Intense geomagnetic storms during SC25

Despite the high sunspot numbers and numerous M-class flares of the last few weeks, only few coronal mass ejections (CMEs) had an earth-directed component and even less created a decent geomagnetic storm. The sole strong geomagnetic storm (Kp=7) during the month of April occurred on the 19th. The source CME was faint and slow. The coronagraph on board of STEREO-A captured it while it was moving to the north and northeast on 15 April.


The table underneath provides the Top 10 of most significant geomagnetic events so far this solar cycle (SC25). It contains mostly events for which the Disturbance storm-time index (Dst - see the STCE Space Weather classification page for more info) reaches -100 nT or less. The table contains the date of the storm, the Dst (provisional values; Kyoto WDC), the final Kp (from Potsdam GFZ), and the K BEL index as recorded in Dourbes, Belgium. The last column gives the source of the disturbance, but in this case, all the geomagnetic storms had an interplanetary CME (ICME) as their source. It is expected that starting during the upcoming solar cycle maximum and subsequent declining phase of SC25, there's a good chance that the co-rotating interaction region preceding the high speed stream from a coronal hole (CH CIR; see this STCE newsitem at for more info on CIRs) will cause some noteworthy events that will stir intense geomagnetic storms (Dst < -100 nT). It is well-known that ICMEs can produce much stronger geomagnetic storms than CH wind streams and CH CIRs.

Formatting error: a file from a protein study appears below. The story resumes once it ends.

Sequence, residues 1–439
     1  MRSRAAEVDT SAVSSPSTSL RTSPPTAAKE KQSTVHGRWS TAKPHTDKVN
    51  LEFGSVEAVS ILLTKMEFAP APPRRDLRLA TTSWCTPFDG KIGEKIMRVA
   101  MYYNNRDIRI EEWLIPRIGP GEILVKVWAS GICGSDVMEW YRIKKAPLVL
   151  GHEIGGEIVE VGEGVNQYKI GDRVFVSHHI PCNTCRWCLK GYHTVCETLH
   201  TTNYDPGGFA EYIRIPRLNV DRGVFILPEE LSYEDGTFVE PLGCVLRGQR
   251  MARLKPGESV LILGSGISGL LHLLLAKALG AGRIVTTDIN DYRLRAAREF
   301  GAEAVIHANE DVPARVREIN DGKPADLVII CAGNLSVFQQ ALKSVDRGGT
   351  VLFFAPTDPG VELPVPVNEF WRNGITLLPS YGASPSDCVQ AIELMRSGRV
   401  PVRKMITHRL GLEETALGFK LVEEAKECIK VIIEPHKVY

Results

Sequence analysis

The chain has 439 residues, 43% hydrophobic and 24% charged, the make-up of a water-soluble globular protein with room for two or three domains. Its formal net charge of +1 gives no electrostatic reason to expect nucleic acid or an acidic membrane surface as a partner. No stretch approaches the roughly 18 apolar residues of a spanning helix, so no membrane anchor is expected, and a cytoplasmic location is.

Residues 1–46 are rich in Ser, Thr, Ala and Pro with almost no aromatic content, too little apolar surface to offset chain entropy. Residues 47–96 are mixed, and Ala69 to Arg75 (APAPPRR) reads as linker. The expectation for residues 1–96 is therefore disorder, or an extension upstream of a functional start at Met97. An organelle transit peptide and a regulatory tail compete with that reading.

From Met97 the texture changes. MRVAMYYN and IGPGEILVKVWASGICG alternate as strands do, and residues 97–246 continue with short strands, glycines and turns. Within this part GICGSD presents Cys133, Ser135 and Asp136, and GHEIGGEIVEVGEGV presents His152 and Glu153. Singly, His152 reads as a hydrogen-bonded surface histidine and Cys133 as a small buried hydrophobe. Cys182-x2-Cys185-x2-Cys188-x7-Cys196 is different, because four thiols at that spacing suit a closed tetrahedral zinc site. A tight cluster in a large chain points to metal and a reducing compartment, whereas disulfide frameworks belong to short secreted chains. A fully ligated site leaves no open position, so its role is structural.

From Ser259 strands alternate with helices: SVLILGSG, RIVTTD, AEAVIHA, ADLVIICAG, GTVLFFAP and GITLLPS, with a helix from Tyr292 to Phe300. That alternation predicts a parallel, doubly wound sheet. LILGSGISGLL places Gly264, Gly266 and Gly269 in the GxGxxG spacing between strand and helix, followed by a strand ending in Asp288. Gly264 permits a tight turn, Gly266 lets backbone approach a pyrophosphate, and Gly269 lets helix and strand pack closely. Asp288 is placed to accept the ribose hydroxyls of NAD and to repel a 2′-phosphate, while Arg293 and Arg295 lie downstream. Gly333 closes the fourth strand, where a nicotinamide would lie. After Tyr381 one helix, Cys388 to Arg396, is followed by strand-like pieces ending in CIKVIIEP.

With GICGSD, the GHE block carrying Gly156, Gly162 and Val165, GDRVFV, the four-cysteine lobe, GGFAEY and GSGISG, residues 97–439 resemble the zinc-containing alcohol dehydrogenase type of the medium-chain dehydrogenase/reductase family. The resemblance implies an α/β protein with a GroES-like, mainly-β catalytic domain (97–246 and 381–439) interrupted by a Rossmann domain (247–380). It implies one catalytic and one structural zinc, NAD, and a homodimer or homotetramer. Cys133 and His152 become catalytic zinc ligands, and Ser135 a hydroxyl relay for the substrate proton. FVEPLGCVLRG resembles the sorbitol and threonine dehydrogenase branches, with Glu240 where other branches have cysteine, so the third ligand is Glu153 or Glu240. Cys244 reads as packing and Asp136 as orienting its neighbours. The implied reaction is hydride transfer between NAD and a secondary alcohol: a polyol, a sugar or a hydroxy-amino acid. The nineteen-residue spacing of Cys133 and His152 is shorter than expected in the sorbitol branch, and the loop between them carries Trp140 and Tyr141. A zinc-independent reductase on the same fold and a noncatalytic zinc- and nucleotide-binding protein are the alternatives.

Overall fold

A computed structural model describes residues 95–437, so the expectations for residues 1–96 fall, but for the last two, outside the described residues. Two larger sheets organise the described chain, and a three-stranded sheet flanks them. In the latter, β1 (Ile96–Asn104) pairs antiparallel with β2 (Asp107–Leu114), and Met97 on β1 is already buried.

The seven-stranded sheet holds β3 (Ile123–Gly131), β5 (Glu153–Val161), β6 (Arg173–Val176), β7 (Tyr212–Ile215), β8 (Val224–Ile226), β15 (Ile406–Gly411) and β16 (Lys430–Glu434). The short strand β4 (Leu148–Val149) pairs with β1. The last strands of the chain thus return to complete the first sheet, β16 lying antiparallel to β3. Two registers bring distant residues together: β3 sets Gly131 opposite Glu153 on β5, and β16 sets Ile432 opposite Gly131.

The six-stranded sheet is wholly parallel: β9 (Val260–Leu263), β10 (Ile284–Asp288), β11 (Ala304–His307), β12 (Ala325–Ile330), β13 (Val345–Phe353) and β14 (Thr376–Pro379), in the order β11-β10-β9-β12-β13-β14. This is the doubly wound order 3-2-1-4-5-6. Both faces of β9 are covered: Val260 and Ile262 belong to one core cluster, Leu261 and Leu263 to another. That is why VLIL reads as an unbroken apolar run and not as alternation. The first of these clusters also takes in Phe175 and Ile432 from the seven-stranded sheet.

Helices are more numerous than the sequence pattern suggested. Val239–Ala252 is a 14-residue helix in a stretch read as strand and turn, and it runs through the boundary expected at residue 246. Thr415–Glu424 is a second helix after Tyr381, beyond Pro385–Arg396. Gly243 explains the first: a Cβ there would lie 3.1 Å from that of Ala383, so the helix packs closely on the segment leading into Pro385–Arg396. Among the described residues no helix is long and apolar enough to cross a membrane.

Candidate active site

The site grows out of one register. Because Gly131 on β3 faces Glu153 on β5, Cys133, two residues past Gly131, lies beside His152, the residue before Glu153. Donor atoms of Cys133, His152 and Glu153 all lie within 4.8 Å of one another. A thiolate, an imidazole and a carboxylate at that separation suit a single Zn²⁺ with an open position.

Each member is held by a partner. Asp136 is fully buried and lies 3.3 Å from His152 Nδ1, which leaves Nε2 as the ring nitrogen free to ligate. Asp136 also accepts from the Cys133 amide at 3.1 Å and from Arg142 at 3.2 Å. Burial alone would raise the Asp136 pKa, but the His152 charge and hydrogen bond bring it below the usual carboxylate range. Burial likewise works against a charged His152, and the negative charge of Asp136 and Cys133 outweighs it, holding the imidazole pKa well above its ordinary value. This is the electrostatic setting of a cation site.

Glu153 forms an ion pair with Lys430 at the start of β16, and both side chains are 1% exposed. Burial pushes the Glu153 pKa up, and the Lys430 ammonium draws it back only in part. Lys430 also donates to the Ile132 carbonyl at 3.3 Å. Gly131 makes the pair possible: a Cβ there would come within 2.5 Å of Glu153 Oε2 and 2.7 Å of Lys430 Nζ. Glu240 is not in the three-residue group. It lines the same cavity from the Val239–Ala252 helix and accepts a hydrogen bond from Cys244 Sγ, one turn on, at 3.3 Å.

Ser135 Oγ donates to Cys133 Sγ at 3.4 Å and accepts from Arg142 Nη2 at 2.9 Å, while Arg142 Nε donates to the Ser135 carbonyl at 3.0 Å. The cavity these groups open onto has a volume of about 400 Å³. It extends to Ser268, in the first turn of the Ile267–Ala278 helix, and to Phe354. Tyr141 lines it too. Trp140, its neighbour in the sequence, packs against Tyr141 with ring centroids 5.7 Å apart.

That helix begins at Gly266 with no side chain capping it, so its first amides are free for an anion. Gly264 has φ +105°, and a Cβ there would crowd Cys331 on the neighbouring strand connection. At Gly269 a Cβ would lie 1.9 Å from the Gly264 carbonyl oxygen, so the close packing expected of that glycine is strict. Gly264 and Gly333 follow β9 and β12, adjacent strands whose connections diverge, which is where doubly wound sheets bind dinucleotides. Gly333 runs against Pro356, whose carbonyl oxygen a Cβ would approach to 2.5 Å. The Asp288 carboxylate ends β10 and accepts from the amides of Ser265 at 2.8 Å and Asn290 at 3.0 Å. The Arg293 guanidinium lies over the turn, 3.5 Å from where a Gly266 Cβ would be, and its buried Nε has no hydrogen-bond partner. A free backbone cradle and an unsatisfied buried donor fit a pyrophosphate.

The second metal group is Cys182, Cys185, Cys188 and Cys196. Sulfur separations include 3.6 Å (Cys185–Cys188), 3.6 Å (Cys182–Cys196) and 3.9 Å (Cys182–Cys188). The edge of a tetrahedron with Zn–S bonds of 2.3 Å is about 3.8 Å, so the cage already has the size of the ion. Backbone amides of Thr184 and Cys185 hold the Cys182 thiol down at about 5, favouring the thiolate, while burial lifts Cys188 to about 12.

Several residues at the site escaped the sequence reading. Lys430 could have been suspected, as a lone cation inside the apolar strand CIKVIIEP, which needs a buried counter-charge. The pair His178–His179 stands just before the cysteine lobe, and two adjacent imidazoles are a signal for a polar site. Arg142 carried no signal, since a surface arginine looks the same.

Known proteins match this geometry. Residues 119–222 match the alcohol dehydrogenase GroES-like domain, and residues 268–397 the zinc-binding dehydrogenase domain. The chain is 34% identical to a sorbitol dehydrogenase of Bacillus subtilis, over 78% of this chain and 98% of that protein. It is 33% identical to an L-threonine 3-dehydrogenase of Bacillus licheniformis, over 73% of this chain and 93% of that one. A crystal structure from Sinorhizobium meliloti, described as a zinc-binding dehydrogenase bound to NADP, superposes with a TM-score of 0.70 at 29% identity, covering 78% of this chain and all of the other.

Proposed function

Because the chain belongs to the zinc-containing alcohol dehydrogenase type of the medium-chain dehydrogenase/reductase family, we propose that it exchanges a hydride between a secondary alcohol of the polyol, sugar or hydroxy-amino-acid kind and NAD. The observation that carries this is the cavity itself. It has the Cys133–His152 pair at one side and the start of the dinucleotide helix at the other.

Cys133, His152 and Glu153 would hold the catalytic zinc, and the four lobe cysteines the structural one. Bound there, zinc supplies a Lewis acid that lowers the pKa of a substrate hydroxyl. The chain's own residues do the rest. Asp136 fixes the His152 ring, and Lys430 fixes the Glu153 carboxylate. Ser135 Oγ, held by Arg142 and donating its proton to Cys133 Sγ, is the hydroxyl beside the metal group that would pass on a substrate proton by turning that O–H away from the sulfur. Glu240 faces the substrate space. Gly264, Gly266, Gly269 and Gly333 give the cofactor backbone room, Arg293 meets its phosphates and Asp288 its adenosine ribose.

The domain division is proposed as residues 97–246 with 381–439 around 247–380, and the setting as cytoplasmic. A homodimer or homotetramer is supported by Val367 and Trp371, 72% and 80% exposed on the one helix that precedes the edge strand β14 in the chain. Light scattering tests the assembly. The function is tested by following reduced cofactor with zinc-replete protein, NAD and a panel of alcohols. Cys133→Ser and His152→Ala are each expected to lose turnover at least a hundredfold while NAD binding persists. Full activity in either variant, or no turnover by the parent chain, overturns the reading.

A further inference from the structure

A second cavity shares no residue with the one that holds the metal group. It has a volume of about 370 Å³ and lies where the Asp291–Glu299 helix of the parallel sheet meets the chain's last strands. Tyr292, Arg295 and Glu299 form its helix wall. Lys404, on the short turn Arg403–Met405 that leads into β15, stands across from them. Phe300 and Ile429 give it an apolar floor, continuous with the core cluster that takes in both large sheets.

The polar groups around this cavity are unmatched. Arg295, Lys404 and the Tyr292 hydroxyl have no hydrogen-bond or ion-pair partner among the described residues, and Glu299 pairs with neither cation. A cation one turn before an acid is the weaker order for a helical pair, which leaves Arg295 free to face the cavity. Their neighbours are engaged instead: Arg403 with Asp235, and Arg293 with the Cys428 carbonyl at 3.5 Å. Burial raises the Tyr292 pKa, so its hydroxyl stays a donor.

As can be seen, and ranked according to the provisional values of the Dst index, the severe geomagnetic storm from 23-24 April 2023 remains the strongest event so far this solar cycle. With -213 nT, it nests itself between the Top 2 of the previous solar cycle, the famous events of 17-18 March 2015 ("St-Patrick Day's storm") and 22-23 June 2015 ("Solstice storm") which had final Dst values of respectively -234 nT and -198 nT. The table also shows that there's some difference between the individual parameters, i.e. the highest Kp or K_BEL values do not necessarily connect to the storm with the lowest Dst values. This is of course because they are different geomagnetic parameters, with different groups of stations measuring different aspects of geomagnetic activity. Also, the geomagnetic conditions preceding the main storm plays a factor in this. The picture underneath shows polar lights over Lofoten in northern Norway, and was taken by Johny Goerend during the previous solar cycle minimum in 2020.




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